As a group of Kickstarter employees announced that they have voted to form a union, the online collectivist’s shares the news on Twitter:

We've voted to unionize. Not just a majority but a substantial majority of our employees have voted to unionize. — Kickstarter () February 18, 2020

The Save Kickstarter Group — a unionization organizing committee made up of members of Kickstarter’s engineering and product teams, according to the New York Times — will begin collecting union signatures on Monday, marking the first time employees at the streaming music company have been allowed to organize. Union organizers are hoping the move will garner backing from the entire staff, some of whom the New York Times estimates earn roughly $10,000 a year on average. As of last week, the group’s official website and social media accounts were unadorned but a few employees were keen to show their support:

We join in that sentiment from employees:

YES — Clue Pearson () February 18, 2020

Thank you to everyone who’s supported us, we need a union to have a voice — Pablo Serrano () February 18, 2020

According to the Huffington Post, the company has not “sent any firm official statements to supporters about the announcement, including posting it on the company’s homepage or in its staff newsletters.” In a statement emailed to The Huffington Post, a Kickstarter spokesperson said the company will respect the results of the unionization campaign:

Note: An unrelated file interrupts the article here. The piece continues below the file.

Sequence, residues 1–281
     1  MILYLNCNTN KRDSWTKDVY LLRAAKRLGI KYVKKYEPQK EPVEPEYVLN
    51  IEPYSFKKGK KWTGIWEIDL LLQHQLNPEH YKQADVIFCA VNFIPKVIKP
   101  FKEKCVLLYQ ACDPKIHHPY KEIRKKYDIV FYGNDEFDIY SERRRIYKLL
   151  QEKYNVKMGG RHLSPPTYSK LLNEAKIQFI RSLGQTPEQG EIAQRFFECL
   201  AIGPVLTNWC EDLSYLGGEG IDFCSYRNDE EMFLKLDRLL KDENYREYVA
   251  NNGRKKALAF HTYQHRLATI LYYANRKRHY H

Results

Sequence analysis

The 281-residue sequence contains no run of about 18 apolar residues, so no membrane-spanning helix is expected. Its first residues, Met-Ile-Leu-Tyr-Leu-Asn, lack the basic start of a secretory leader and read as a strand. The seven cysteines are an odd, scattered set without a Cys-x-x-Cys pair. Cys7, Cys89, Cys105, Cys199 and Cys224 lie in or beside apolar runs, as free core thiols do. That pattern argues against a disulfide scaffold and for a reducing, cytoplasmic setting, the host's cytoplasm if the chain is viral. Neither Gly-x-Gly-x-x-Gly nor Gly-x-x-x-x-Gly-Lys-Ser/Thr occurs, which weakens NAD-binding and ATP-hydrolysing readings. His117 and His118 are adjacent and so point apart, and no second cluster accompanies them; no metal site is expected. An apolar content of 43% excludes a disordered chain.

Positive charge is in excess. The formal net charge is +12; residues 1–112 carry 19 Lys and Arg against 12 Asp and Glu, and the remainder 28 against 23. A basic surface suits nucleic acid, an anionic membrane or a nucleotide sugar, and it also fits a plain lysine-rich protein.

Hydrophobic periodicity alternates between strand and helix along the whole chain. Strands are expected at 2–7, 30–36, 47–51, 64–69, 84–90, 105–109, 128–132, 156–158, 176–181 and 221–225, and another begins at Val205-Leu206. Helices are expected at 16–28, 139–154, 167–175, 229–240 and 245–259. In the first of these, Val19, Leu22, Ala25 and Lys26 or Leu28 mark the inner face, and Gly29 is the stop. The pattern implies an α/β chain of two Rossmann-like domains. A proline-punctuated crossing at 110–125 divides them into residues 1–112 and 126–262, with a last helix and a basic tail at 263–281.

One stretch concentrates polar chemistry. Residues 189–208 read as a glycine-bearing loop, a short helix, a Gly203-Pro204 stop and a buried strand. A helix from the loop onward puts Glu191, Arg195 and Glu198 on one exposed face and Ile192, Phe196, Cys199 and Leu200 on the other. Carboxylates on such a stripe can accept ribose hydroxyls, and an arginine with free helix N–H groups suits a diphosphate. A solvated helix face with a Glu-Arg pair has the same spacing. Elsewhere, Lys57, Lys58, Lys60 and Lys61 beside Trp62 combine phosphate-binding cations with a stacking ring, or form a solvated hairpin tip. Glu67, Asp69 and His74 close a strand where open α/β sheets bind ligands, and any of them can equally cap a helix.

We are excited about the collective strength this union will bring to our community, and we will support the final results of the process. We have been a unionized company in the European Union for the past 4 years.

The worldwide “Fight for $15” initiative to increase the minimum wage from $7.25 to $15 per hour has helped push more tech workers to join unions across Silicon Valley. Technology Workers United, an organization that advocates for labor protections, has lobbied for change in Silicon Valley for years. Its now 40,000-member campaign for a $15 minimum wage is the largest for workers in the tech industry, yet with companies like Facebook, Google, Yahoo, and Twitter facing growing competition for talent, the possibility that these tech workers might unionize represents an important litmus test of the broader growth of the middle class in the United States.

Read the full story at The Huffington Post.


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